Daylight

I can’t write poetry in daylight. It can’t be done unless you know most people are asleep.

I was prompted into this by another blogger, here Concrete eyelashes and she is so right. It sent me scurrying off to find a comment by Bukowski I remembered in an interview.

“I never write in the daytime. It’s like running through the shopping mall with your clothes off. Everybody can see you. At night…that’s when you pull the tricks…magic.”

Personally, I write best when I’m half-asleep. In bed. I then have to get up and put it down or by morning all the energy gets sucked out of it.

I used to solve physics problems the same way. I could spend all day staring at it with no joy (and no point), but then would have a bolt of clarity when I was mostly unconscious. I remember one particularly intractable puzzle that no-one could make any headway with that resolved itself this way. The next day, as I set out the solution my tutor slowly crumpled up his notes with his other hand while I talked. It was fun to point up they’d been telling people wrong for years.

Finding that Bukowski interview drew me back to something else he said in it:

“I’ve never been lonely. I’ve been in a room — I’ve felt suicidal. I’ve been depressed. I’ve felt awful — awful beyond all — but I never felt that one other person could enter that room and cure what was bothering me…or that any number of people could enter that room.”

…which in turn reminded me of an interview I read with Lucie Brock-Broido where she starts by quoting Denis Johnson…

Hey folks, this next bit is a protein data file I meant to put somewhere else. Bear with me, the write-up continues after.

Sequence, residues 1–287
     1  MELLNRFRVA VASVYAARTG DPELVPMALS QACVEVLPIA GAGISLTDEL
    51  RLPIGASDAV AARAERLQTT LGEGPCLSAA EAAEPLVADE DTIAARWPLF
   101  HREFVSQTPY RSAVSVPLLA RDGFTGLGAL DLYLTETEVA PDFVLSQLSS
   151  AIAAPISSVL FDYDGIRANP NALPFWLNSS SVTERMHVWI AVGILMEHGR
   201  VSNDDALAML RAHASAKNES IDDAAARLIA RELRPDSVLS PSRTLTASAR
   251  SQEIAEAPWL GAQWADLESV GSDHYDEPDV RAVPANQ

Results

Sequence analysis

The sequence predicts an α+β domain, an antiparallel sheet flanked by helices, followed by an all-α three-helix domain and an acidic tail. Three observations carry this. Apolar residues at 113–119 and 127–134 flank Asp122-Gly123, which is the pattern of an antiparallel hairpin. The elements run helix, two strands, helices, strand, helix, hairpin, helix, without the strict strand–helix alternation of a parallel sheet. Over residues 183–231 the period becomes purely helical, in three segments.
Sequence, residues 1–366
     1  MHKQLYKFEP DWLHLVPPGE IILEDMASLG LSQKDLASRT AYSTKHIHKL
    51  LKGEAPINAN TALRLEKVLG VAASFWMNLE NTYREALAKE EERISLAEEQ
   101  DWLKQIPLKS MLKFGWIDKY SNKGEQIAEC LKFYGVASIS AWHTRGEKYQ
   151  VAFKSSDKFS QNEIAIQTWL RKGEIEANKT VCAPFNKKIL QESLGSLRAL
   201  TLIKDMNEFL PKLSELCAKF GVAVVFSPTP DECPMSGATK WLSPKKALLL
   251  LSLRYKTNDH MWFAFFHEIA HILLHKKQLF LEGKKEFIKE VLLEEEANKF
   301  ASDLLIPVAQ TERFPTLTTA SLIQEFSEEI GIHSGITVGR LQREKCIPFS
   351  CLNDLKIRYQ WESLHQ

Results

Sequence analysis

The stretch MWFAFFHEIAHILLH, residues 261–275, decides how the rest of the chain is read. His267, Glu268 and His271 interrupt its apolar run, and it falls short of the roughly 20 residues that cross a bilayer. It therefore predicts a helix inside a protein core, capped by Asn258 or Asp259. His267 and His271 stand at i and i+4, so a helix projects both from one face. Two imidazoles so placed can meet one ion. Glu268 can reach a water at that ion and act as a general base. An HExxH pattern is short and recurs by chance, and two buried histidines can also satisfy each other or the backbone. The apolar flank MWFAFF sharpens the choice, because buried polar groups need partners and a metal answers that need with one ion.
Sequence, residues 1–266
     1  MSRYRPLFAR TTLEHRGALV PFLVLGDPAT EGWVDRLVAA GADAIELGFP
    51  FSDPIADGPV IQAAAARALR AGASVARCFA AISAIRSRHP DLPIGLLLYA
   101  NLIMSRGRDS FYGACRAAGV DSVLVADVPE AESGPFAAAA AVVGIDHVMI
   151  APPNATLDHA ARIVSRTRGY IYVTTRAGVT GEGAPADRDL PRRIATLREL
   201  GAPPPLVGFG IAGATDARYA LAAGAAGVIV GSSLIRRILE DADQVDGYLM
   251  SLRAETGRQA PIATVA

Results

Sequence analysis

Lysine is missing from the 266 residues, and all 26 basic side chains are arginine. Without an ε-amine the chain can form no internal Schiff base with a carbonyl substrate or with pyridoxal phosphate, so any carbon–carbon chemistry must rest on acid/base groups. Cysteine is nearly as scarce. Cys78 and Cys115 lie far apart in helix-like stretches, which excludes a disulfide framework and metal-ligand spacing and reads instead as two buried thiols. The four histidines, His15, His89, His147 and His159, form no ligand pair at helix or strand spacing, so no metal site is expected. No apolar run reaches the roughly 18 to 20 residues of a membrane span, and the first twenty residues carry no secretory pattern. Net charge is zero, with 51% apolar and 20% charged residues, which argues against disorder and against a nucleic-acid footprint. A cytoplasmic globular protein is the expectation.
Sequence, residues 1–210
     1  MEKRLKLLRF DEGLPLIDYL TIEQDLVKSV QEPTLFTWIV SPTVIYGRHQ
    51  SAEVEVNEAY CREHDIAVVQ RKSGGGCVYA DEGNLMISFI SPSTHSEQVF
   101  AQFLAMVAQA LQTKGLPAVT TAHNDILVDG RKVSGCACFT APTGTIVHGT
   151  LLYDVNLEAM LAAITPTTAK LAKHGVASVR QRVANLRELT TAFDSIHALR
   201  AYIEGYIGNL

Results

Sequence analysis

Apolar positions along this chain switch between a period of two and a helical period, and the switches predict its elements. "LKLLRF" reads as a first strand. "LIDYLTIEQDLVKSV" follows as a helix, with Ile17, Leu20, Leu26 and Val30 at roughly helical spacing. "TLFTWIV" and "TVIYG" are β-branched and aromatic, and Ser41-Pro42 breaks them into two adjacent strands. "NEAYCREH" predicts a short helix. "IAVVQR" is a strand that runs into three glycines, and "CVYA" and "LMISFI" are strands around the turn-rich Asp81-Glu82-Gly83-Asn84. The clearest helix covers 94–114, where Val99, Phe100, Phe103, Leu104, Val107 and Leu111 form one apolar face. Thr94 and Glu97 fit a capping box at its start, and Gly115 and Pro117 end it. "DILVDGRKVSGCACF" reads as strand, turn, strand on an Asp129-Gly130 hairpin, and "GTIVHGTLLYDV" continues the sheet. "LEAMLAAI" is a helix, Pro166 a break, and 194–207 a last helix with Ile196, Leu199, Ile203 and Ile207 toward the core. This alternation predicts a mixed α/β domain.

“Greetings. You will recover
or die. The simple cure
for everything is to destroy
all the stethoscopes that will transmit
silence occasionally. The remedy for loneliness
is in learning to admit
solitude as one admits
the bayonet: gracefully
now that already
it pierces the heart.”

…and then goes on to say…

“Of course we all admit the bayonet every day. Johnson makes vast presumptions: that people do admit the bayonet because most of us would spend most days of our lives attempting, precisely, to avoid such a piercing. But then he adds “gracefully.” Could there be a tearing less graceful? Here Johnson is saying that the impossible, the unavoidable, already pierces the hearts of all of us. I would venture to say most of us would not admit to trafficking in that trade or in that image of how we must lead our lives. It’s too painful.”

Of course, it is precisely that trade that all poets traffic in.

Especially, in the dark, in the night, while the world sleeps unawares.

Having said all that as a counterpoint I should report Bukowski’s closure to his interview, his thoughts on the process of interviewing itself.

“It’s almost like being caught in the corner. It’s embarrassing. So, I don’t always tell the total truth. I like to play around and jest a bit, so I do give out some misinformation just for the sake of entertainment and bullshit. So if you want to know about me, never read an interview. Ignore this one.”

Perhaps his best known poem is this one. I guess most of you will know it already.

Bluebird

there’s a bluebird in my heart that
wants to get out
but I’m too tough for him,
I say, stay in there, I’m not going
to let anybody see
you.
there’s a bluebird in my heart that
wants to get out
but I pour whiskey on him and inhale
cigarette smoke
and the whores and the bartenders
and the grocery clerks
never know that
he’s
in there.

there’s a bluebird in my heart that
wants to get out
but I’m too tough for him,
I say,
stay down, do you want to mess
me up?
you want to screw up the
works?
you want to blow my book sales in
Europe?
there’s a bluebird in my heart that
wants to get out
but I’m too clever, I only let him out
at night sometimes
when everybody’s asleep.
I say, I know that you’re there,
so don’t be
sad.
then I put him back,
but he’s singing a little
in there, I haven’t quite let him
die
and we sleep together like
that
with our
secret pact
and it’s nice enough to
make a man
weep, but I don’t
weep, do
you?

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